One area where our new Department did have a genuine strength was microbiology and there was a strong slant towards this in the degree course.  There were a number of undergraduate and MSc projects that set this knowledge into a local context, exploring the interactions between microbes and the local community.  One, I recall, looked at how bacteria impregnated the calabashes (hollowed out gourds) that the Fulani women used to make a popular yoghurt-like drink so that they never needed a starter culture.  Others looked at the efficacy of indigenous medicines, with the students showing that several local herbal remedies had genuine anti-microbial activities.  This was all done without the containment facilities of a western research laboratory: I recall peering at a row of Petri dishes lined up on the bench at the back of a research laboratory and being told that they all contained cultures of Gonorrhoea. I promptly took a quick step backwards.


Our home in Nigeria: House 5 Road 5 on the University of Jos Senior Staff Quarters, 1990.

The local focus of the Department showed me, ultimately, where my own skills might be best spent.  Rather than struggle with research that would have been difficult to publish in an International journal, I set out to write a textbook with a colleague that could be published at a price students could afford.   I have no formal statistical training but I knew enough to write a basic textbook.  I hoped, too, that my own struggles with everything mathematical would mean that I could write with a measure of empathy for the student, and also that an affordable book would equip them to go out and design experiments themselves.   Science, I was beginning to understand, was less about what you knew, and more about knowing how to find out what you didn’t know.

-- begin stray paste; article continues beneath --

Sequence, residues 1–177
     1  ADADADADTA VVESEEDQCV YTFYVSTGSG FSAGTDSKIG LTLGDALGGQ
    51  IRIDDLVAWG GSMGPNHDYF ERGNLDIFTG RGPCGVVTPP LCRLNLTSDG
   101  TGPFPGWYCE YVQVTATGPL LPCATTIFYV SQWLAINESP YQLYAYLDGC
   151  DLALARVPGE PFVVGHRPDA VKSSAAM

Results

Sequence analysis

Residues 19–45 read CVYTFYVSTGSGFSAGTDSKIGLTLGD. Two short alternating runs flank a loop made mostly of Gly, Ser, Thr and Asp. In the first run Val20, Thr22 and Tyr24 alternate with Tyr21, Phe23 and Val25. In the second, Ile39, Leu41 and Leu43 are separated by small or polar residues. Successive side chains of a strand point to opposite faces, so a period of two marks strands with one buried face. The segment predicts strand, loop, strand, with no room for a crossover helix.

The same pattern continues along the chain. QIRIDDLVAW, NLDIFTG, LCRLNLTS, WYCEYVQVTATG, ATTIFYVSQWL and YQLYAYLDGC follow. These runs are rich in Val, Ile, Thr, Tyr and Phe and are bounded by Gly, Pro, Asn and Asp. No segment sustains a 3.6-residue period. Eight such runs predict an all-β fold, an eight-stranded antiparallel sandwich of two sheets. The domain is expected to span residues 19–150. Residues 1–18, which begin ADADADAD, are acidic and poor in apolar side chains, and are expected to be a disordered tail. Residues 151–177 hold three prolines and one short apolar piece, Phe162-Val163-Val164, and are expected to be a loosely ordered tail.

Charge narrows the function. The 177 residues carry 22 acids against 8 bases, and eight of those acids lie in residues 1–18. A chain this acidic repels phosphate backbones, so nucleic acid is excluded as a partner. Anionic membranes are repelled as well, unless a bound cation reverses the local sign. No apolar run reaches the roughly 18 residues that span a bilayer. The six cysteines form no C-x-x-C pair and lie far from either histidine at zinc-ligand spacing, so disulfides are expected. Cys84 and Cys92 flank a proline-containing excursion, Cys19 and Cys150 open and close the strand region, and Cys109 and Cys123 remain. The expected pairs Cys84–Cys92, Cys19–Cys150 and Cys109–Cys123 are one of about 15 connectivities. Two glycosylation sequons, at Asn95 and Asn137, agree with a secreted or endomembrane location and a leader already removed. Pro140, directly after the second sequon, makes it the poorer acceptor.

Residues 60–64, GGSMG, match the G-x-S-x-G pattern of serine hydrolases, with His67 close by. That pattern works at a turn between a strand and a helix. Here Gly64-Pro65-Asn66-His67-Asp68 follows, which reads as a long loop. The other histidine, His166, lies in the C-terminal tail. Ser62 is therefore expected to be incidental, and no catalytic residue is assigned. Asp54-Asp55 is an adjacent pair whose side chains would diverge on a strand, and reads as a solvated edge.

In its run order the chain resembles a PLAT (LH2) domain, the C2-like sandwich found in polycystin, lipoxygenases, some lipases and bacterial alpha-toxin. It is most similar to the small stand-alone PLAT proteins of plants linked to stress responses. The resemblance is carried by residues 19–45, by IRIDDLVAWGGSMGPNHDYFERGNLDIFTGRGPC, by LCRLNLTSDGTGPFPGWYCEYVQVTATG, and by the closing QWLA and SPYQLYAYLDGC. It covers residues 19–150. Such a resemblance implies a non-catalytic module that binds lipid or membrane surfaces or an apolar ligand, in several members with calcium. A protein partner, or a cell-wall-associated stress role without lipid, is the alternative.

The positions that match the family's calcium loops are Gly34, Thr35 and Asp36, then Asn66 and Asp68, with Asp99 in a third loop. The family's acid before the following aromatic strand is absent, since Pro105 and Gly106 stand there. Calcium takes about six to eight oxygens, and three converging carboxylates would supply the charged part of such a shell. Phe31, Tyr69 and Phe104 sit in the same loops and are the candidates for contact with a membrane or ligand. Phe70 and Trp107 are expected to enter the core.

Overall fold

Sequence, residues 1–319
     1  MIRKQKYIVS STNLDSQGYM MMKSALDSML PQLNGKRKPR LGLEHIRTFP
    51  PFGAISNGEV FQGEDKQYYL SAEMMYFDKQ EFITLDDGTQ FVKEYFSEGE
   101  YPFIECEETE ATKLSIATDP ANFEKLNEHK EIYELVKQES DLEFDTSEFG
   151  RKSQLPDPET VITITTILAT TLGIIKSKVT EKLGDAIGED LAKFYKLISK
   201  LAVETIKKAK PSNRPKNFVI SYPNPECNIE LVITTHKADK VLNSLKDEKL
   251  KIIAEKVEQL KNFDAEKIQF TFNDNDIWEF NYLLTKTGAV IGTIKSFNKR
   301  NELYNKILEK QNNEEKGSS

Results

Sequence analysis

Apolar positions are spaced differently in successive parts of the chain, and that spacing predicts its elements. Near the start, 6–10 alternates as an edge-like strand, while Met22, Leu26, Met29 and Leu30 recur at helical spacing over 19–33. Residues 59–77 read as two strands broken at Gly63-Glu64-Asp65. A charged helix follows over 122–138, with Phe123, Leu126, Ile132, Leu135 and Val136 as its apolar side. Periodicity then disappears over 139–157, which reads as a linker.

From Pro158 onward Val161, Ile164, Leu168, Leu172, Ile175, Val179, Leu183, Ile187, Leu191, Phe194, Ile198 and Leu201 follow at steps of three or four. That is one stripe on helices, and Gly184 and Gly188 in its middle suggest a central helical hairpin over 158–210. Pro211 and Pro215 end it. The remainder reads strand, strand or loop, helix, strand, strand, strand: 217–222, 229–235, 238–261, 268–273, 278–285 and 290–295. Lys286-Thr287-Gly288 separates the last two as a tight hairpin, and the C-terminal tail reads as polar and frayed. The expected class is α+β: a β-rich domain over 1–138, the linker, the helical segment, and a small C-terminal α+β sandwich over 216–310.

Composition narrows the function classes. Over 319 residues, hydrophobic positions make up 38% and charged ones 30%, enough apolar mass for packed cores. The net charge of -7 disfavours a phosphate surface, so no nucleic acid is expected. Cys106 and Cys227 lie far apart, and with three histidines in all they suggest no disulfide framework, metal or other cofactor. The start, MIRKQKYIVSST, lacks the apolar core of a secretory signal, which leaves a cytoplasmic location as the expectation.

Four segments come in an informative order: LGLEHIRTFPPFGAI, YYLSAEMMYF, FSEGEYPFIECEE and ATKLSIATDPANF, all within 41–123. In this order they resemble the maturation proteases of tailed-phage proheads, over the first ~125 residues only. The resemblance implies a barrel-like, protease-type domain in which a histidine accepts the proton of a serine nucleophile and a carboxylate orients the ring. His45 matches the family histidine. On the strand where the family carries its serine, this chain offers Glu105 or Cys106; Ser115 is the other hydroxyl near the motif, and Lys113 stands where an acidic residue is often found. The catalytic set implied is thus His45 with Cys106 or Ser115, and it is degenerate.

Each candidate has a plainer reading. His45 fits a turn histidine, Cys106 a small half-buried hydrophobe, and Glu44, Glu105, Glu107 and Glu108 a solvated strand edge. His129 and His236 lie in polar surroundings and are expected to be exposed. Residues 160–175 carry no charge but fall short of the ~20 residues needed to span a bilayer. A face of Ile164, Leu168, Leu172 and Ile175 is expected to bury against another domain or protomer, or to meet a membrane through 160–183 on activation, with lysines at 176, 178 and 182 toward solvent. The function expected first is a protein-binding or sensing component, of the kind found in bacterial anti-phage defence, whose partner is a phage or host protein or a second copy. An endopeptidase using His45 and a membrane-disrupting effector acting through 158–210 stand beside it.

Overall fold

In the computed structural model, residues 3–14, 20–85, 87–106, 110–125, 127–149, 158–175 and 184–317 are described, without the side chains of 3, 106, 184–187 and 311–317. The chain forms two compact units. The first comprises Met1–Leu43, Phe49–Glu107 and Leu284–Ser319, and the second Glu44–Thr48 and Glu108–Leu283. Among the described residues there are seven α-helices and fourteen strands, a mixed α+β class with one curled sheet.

The cover of the statistics textbook I co-wrote for local students in Nigeria.  It was published by ABIC books, Enugu (ISBN: 978-022-038-0)

How to make an ecologist #11


The last time I had time to reflect on my professional life, I wrote about my time as a postdoctoral researcher studying the history of Mediterranean landscapes (see “How to make an ecologist #10”).  That was just an 18 month contract and as the months ticked down towards the conclusion, I had to think about what I wanted to do next.  Heather and I shared a desire to see more of the world but, rather than just follow the standard backpacker’s routes around the more exotic parts of the world, we wanted to settle somewhere (preferably warm) and live and work for a couple of years. But where, and what would we do?

The sad truth is that, having spent several years learning more and more about less and less, I had relatively few transferable skills that would make me employable outside my narrow specialism of freshwater ecology and, outside of the developed world, this pretty much limited me to work in universities or research institutes.   Ten years earlier, there were ample opportunities for British academics to work in Commonwealth universities, but there were few opportunities by the late 1980s.  I scanned the job vacancies in New Scientist and the Times Higher Education Supplement, but there were few that were worth pursuing.   As the time to the end of my contract started to be counted in weeks rather than months, I heard from someone that Nigeria was still recruiting lecturers.  I wrote a letter more in hope than serious anticipation and, to my surprise, both Heather and I were invited to interviews at the Nigerian education attaché’s office amidst the computer, hi-fi and photography shops on Tottenham Court Road in central London.   A letter arrived a couple of weeks later offering us both jobs at the University of Jos in Plateau State, central Nigeria.  I was to be a “Senior Lecturer” and Heather was “Lecturer #2”.   The prospect of two jobs made this doubly attractive even if the salaries on offer were miniscule.   Friends who had worked in Nigeria in the early 1970s had earned good salaries by UK standards, with plenty of benefits.  The Nigerian economy had, however, crashed in the early 1980s and local salaries were about a tenth of their UK equivalents.  However, we were young and idealistic, and living on local salaries would be no great hardship for a couple of years.  The point of our endeavours was to immerse ourselves into the local culture rather than just observe from the outside.  Living on the same – or similar – terms to those around us was a part of the deal.